The Vatican Gendarmerie discovered a huge pile of confidential documents in the apartment by the Vatican walls where Paolo Gabriele lives with his wife and three children. A Roman in his early 40s, Gabriele has worked in the papal apartments since 2006, and joined the papal household after working for its Prefect, Monsignor James Harvey.

Vatican spokesman Federico Lombardi announced that the Gendarmerie’s investigation, “has identified someone in illegal possession of confidential documents”. This morning a man was questioned by Vatican chief prosecutor Nicola Picardi…

           — Hat tip: C. Cantoni [Return to headlines]

Italy: Environment Chief Says Rome Waste Situation Near Critical

(AGI) Rome — The waste situation in Rome is nearing “a critical point,” Corrado Clini told SKY TG24. The Environment chief was being interviewed about the waste issue in Rome by Maria Latella and said he was sure that a new waste disposal site would be identified within a few weeks, after which a differentiated waste collection system would be implemented. Mr Clini said: “I think Rome has been spoilt by the existence of an extremely capacious dump, which has largely allowed us to shelve the question of waste disposal for years and years. This does not, however, justify all those who have failed to make provisions that would have brought Rome in line with European directives from the 80s onwards. […] Three European directives have been issued since 1991, geared to reducing the quantity of waste, stepping up differentiated waste collection and refuse matter. This has not happened in Rome.”.

           — Hat tip: C. Cantoni [Return to headlines]

Netherlands: Handling of Amsterdam Sharia Group Criticised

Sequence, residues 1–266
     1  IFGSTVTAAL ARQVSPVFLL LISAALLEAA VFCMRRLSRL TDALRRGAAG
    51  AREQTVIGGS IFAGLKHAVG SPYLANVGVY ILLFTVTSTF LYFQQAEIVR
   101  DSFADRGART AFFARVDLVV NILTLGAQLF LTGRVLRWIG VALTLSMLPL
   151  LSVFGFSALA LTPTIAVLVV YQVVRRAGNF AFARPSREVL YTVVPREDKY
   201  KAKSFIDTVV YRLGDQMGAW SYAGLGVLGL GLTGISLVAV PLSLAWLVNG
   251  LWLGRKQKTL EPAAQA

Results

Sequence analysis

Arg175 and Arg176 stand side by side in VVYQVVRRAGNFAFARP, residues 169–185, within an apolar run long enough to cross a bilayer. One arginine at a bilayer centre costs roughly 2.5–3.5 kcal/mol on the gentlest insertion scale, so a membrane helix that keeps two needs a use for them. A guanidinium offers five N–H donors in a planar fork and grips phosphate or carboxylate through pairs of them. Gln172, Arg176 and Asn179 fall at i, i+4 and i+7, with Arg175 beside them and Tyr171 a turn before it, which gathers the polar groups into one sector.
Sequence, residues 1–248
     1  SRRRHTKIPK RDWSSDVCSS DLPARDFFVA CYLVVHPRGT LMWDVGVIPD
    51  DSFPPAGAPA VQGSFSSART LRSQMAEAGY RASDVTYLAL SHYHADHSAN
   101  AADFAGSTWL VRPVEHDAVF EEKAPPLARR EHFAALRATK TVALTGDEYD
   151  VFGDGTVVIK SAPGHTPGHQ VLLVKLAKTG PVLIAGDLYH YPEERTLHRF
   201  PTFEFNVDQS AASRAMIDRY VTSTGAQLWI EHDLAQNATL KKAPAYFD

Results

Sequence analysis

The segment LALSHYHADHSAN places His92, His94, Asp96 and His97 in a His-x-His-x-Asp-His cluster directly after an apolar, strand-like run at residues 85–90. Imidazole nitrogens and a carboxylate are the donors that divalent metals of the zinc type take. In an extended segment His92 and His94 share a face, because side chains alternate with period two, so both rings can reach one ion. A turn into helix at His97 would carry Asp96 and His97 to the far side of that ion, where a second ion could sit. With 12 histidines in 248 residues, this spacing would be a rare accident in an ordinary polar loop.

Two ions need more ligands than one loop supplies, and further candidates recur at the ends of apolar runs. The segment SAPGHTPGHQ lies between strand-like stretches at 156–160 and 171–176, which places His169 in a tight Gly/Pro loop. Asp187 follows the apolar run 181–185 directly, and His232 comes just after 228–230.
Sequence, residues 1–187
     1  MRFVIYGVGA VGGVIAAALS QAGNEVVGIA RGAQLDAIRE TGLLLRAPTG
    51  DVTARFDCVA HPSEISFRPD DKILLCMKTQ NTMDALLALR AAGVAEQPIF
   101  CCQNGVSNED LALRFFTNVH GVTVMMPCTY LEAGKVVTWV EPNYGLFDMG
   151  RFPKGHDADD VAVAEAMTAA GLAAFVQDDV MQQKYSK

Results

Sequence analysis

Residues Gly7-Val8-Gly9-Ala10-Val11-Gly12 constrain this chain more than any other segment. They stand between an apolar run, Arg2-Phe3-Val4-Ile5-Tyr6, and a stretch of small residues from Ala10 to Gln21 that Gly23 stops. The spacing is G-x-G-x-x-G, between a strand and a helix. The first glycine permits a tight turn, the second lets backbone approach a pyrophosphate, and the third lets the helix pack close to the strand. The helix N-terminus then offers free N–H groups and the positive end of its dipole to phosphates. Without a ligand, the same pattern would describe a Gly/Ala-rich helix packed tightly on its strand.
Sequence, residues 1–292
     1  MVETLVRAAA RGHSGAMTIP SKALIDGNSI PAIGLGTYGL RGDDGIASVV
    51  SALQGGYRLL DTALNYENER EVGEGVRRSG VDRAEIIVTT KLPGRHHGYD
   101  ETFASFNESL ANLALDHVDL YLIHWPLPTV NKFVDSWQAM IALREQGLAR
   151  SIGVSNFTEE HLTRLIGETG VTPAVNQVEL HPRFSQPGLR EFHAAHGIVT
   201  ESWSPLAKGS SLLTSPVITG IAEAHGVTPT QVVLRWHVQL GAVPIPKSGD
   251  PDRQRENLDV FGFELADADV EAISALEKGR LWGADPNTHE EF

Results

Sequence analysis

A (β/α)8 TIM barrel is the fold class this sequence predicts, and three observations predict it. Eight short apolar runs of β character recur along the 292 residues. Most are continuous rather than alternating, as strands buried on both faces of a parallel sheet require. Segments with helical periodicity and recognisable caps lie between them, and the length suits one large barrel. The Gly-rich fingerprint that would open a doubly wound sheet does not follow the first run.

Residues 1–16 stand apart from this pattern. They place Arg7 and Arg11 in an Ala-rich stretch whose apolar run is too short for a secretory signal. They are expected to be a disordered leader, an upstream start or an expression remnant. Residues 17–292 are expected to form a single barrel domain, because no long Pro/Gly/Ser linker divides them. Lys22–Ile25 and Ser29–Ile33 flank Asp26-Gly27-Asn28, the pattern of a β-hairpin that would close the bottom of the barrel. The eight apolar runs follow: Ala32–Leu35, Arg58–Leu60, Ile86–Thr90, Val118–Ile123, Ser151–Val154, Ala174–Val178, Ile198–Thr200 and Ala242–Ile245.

Amsterdam VVD councillor, Robert Flos, has criticised the police for the way they dealt with a hate speech on Dam Square on Friday. On local television channel AT5, the councillor says the police failed to arrest the Sharia4Holland speakers, who made death threats aimed at Freedom Party leader Geert Wilders and arrested a passer-by who tried to enter a discussion with the speakers.


           — Hat tip: JP [Return to headlines]

Oldest Art Even Older: New Dates From Geißenklösterle Cave Show Early Arrival of Modern Humans, Art and Music

New dates from Geißenklösterle Cave in Southwest Germany document the early arrival of modern humans and early appearance of art and music.

Researchers from Oxford and Tübingen have published new radiocarbon dates from the from Geißenklösterle Cave in Swabian Jura of Southwestern Germany in the Journal of Human Evolution. The new dates use improved methods to remove contamination and produced ages between began between 42,000 — 43,000 years ago for start of the Aurignacian, the first culture to produce a wide range of figurative art, music and other key innovations as postulated in the Kulturpumpe Hypothesis. The full spectrum of these innovations were established in the region no later than 40,000 years ago.

These are the earliest radiocarbon dates of Aurignacian deposits, and they predate Aurignacian dates from Italy, France, England and other regions. These results are consistent with the Danube Corridor hypothesis postulating that modern humans migrated to Europe and rapidly moved up the Danube drainage. Geißenklösterle Cave is one of several caves in the Swabian Jura that have produced important examples of personal ornaments, figurative art, mythical imagery and musical instruments. The new dates from Geißenklösterle together with existing dates using thermoluminescence confirm the great antiquity of the Swabian Aurignacian.

The new dates indicate that modern humans entered the Upper Danube region prior to an extremely cold climatic phase referred to as the H4 event dating to ca. 40,000 years ago.

           — Hat tip: Fjordman [Return to headlines]

Prague Remembers Nazi Past With Replica Death Camp